Occurring in suitable mountainous habitat across their extensive range, individual bighorn sheep populations tend to remain localized rather than mixing together.
Bighorn sheep are the most common wild sheep in North America. They are excellent climbers and are often found on rocky outcrops or high cliffs. They seek refuge in steep areas from cougars and other predators that are not agile enough to keep up with their sure-footed prey.
Bighorns are named after the males' massive spiral horns, which may be up to 1.1 m (3.5 ft) long. The females have smaller, less curved horns.
Bighorn sheep is found on high mountain pastures in summer, when groups of males or females with young graze independently on grass and herbage. In winter, they form mixed herds and move to lower pastures.
Flocks of bighorn sheeps can contain up to 100 individuals. They head up to high meadows in summer, then retreat to the valleys when the winter snows come. Male bighorns tend to live in separate groups from the ewes and lambs. Horn size plays a key part in the social structure of these sheep. Males with the largest horns are unchallenged, but where two males are well-matched in horn size, they will battle for their place in the social hierarchy of the herd. Living in a mountainous region, bighorn sheep are very agile, proving extremely sure-footed, and able to climb and jump without difficulty. Ewes prefer to mate with rams with large horns and refuse the courtship of others. Females have exceptionally short horns.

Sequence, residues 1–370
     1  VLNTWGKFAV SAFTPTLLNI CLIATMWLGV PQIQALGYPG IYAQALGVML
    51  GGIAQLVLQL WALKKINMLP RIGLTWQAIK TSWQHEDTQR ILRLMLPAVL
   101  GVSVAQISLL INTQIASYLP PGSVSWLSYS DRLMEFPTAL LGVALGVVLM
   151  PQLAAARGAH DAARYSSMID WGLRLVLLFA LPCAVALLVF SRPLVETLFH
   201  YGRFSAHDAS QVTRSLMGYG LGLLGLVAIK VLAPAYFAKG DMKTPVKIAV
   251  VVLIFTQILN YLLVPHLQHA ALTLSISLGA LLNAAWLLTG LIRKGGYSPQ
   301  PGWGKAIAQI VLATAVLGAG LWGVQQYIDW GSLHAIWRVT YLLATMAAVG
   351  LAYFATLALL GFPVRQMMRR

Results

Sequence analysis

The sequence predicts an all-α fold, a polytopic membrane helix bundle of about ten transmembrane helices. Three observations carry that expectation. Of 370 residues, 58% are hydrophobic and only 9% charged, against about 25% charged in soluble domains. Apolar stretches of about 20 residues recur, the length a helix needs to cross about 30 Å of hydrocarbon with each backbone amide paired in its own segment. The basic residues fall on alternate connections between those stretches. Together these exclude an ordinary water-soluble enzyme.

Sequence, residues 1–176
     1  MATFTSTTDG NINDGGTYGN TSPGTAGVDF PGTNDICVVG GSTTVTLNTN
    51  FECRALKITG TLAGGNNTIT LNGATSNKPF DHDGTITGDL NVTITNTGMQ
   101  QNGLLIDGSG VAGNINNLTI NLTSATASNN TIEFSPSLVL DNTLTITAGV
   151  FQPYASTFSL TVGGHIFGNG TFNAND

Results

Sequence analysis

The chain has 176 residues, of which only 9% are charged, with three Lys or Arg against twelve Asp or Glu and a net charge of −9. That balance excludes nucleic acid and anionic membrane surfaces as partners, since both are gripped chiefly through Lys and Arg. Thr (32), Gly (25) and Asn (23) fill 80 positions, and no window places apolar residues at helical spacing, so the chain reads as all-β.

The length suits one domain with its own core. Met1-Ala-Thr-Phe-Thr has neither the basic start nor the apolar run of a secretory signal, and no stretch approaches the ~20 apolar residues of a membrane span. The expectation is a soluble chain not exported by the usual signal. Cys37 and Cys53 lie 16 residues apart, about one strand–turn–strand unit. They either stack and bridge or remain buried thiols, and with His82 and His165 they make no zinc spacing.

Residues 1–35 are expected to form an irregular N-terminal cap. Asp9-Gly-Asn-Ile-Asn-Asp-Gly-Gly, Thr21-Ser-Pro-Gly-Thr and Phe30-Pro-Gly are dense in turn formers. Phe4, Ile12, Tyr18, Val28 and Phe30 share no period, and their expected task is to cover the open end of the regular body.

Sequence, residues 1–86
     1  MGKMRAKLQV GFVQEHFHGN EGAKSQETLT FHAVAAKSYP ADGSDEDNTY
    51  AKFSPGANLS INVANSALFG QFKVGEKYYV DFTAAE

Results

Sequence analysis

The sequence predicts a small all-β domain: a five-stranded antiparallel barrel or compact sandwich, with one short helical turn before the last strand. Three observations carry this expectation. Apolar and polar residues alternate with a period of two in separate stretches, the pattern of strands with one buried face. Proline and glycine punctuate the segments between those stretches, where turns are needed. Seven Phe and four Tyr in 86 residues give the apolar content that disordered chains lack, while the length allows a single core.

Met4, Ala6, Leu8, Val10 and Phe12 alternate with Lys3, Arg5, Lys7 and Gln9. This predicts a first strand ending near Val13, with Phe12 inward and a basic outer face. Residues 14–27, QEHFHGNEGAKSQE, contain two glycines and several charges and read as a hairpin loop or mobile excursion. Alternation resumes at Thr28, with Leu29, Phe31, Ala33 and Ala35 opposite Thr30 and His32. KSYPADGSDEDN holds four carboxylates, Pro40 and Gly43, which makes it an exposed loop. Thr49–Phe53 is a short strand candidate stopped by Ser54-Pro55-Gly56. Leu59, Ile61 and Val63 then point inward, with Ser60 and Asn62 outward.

A more unusual characteristic of this species is that they are strong swimmers.
Ewes produce 1 or 2 lambs, born after a gestation period of about 6 months, and are assiduous in care of the young.
Distribution: Distribution centred on the Rocky Mountains in North America, extending from British Columbia and Alberta, western Canada, down to eastern parts of Baja California.
Habitat: Alpine meadows and rocky cliffs.
Weight: 45 - 135 kg (99 - 297 lb).
Length: 160 - 210 cm (63 - 83 in), including tail.
Maturity: Females about 2.5 years; males about 3 years, but often do not breed until they are older.
Gestation Period: About 175 days; weaning occurs at 4 - 6 months.
Breeding: 1 - 3 young born in spring.
Food: Herbivorous, grazing mainly on grass, but also on herbs and other small plants.
Lifespan: Up to 14 years.
Status: Lower risk.
These are far less developed than those of the male, slimmer and carried above the top of the skull.
The horns of the male are massive, growing backwards and then curling forwards below the level of the top of the head.
The brownish colouration on the body varies between different populations.
Young bighorn sheep will lie down to avoid predators such as eagles.
The horns grow gradually in the male, and a second curl may start to develop in individuals from about eight years old.